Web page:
Again, the publicity caravan made their passage through but this time the Vittel truck featured an underdressed, acrobatic young lady in a trapeze harness doing the splits upside down, while directing a water spray at the crowd. I stood slack jawed with…appreciation – I was in good company!
After sussing out a decent position to watch the pack come surging up the street (and changing my mind a few times), I stood on the pavement and watched the clock. Soon enough, the whirring sentinels overhead were giving the game away, and everyone waved in case it was their turn for a closeup. The outriders appeared next followed closely by a compact group of 4 plucky breakaways who flew up the street with an urgency befitting their status as hunted men. “Allez! Allez!! Allez!!!” and they were gone. Five minutes ticked by before the hound pack of the peleton surged through in search of those fleet footed hares. Their daring escape wasn’t to last – few succeed on a stage as fast and flat as this one, and a few hours later Cavendish claimed his sixteenth TdF victory at Cap Frehel, equalling the tally of the great Jacques Anquetil.
Once the fuss had died down, Nick and I rolled down through the cobbled streets of the old part of town, looking for something to eat. We found a cafe, outside of which was a large table already occupied by cyclists. “What are a couple of Cornish boys doing over here then?” said one and I instantly recognised Scott Robinson from Perranporth, formerly of Clive Mitchell Cycles in Truro. A few of the others were vaguely familiar, having ridden my summer Audax event, The Celtic Coastal. We sat down for a drink and a chat, and found that they had just come over for that day’s stage, arriving in Roscoff on the overnight ferry. David, the group leader, had booked them in at a campsite in the grounds of an old chateau, about 15 miles away in the direction of Morlaix. They invited us to tag along, so with no better plan in mind, we did. After setting up camp at the chateau and grabbing a shower and a change of clothes, we headed into the nearby town of Louergat for a feed.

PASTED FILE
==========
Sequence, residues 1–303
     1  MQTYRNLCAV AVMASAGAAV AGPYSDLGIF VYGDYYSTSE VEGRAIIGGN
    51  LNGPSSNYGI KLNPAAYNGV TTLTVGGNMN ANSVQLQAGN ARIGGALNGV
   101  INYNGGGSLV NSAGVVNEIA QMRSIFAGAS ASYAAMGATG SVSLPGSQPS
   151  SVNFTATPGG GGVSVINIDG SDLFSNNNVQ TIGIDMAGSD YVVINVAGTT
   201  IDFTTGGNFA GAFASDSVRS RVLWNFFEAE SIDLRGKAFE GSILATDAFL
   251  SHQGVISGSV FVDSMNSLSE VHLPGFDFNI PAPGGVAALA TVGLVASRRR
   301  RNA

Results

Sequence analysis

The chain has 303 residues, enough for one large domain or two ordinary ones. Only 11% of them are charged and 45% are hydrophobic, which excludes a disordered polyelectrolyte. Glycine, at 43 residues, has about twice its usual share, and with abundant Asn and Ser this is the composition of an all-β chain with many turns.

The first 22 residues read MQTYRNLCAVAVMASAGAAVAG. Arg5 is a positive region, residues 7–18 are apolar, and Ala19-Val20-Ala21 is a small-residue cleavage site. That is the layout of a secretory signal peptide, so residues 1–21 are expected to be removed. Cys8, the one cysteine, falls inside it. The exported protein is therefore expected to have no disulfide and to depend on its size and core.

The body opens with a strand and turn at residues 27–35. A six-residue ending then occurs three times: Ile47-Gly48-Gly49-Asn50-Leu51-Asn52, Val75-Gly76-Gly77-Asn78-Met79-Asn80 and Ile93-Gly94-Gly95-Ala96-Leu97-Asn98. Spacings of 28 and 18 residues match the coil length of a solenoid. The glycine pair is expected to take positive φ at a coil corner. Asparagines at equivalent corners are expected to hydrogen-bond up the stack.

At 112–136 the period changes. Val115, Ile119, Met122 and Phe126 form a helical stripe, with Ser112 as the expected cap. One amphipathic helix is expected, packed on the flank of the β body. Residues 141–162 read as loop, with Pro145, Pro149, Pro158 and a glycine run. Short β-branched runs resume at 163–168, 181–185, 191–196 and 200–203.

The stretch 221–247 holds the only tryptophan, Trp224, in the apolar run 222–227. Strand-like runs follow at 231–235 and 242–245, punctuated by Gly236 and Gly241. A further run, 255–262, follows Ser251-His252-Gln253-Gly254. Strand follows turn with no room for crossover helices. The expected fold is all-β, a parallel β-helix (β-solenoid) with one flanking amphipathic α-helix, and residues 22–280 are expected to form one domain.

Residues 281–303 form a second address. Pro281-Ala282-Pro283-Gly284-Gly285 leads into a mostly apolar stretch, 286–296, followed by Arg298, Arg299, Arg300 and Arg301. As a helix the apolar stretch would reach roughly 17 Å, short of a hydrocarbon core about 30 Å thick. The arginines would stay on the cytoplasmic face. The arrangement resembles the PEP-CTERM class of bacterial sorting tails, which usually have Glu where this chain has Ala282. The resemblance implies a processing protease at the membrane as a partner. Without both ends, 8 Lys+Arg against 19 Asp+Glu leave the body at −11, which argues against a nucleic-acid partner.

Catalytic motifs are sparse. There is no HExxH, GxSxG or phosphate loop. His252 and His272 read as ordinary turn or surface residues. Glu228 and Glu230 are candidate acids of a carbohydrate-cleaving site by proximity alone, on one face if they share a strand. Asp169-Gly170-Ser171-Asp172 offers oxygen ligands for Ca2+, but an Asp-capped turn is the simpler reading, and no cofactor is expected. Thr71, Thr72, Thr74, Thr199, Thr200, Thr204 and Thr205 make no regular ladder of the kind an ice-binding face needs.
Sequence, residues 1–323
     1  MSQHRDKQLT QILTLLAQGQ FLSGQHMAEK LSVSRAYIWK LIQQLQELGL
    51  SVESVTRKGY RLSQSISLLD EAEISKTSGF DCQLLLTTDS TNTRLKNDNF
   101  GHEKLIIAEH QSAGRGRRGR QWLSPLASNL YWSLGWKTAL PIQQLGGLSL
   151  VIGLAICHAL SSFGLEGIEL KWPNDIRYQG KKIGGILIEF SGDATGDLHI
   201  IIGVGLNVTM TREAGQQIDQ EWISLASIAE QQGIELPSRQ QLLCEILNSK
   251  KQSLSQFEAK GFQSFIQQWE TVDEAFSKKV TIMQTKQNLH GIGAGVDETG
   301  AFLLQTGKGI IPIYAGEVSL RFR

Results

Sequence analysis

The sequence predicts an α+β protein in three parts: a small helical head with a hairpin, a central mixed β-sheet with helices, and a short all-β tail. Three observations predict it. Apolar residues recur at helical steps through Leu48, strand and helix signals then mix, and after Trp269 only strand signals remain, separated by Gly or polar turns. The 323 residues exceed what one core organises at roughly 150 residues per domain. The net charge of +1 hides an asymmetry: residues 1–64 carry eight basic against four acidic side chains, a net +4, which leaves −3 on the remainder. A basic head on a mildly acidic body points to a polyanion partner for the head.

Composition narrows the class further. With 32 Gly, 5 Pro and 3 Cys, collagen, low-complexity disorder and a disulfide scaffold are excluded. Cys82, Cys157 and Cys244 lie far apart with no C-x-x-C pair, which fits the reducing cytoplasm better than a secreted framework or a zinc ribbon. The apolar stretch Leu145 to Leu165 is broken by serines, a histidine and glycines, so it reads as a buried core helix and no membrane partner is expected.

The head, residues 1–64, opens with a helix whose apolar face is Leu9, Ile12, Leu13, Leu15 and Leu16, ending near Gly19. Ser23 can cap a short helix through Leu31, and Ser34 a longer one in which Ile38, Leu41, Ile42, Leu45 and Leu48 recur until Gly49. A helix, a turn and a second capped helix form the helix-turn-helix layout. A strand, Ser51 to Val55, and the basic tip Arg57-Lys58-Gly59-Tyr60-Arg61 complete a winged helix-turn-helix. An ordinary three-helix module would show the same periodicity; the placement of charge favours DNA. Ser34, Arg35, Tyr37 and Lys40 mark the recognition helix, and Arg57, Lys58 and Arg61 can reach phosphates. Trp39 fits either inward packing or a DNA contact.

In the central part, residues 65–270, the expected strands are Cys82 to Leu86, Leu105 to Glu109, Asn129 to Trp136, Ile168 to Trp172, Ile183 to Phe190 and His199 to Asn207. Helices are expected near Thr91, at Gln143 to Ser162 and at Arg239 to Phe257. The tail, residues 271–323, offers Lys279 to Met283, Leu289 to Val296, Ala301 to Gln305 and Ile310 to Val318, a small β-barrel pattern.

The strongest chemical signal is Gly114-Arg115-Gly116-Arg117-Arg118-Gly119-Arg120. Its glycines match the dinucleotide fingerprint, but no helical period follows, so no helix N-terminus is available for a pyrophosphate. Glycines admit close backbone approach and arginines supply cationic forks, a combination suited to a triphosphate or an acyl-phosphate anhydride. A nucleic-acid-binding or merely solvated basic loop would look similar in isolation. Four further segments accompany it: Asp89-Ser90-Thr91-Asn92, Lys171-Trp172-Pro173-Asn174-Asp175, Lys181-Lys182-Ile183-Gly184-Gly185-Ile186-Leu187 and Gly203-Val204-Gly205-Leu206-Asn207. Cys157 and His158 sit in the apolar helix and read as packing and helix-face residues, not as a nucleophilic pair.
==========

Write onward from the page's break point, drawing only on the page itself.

Over dinner and a few beers, Nick got talking to Vin from St Austell, who possessed a very well set up and expensive looking Titanium touring bike. “Do you do much touring then?” asked Nick. At the time, neither of us knew who Vin was, and he just laughed and said “Yeah, a bit”. A little later we found out that Vin Cox is a cyclo cross champion and the current holder of the Guinness World Record for the fastest circumnavigation of the globe on a bike, a record previously held by Mark Beaumont, and (briefly) James Bowthorpe and Julian Sayarer. He’s currently planning a round the world cycle race, so if any of MBH’s deeper pocketed and more adventurous members are looking for the ultimate challenge, this could be for you?
Thursday 7th July: Next morning, we struck camp early and said au revoir to the guys, who were debating a more scenic route back to the ferry port. Nick and I just wanted to blast back to Roscoff the quick and boring way, in order to grab a few pressies and a leisurely lunch before catching the boat. The headwinds on the exposed D712 weren’t as bad as we’d feared, and we got to Morlaix around noon, stopping for a quick cafe-au-lait at La Terasse, and some amazing pastries from the Patisserie next door.
From there, we took the scenic route back to Roscoff, along the estuary. We’d been lucky and dodged the showers most of the way back, so choosing an eatery with a large awning was a good call as a few sharp showers struck soon after we arrived. We boarded late, as I didn’t want to have to retrieve my bike from behind dozens of others – a top tip if you’re hurrying for a connecting train from the ferry port. On arrival at Plymouth we blasted through customs and up the hill to the station in the company of an anxious Exeter mountain biker who’d managed to knock over several bikes in his haste to retrieve his own.
At this point, we came back to earth with a bump. There were about 300 people waiting to board our train, as several preceding trains had been cancelled due to a derailment at Liskeard. Sensibly, those journeying the furthest were allowed to store their bikes in the large space behind the drivers cabin, and I suppose most found a seat – I don’t think they’d have dared to stop anyone occupying the first class seats without a ticket.
After making our way slowly down through Cornwall towards the end of the line, Mistress Fate had one last little jokey-o in store. We arrived in Penzance around ten to midnight, on the middle track between platforms 3 and 4! The signalman had thrown the wrong point, and we couldn’t leave the train. After about 15 mins, we reversed out as far as Tesco and stopped. Another five minutes passed before a voice on the intercom promised that we would be moving again soon. Finally, just before 12:15am, we chugged into platform 4 and got off. It was hardly the perfect end to another LRdFL adventure, but I was just glad to be home.
Don “AikenDrum” H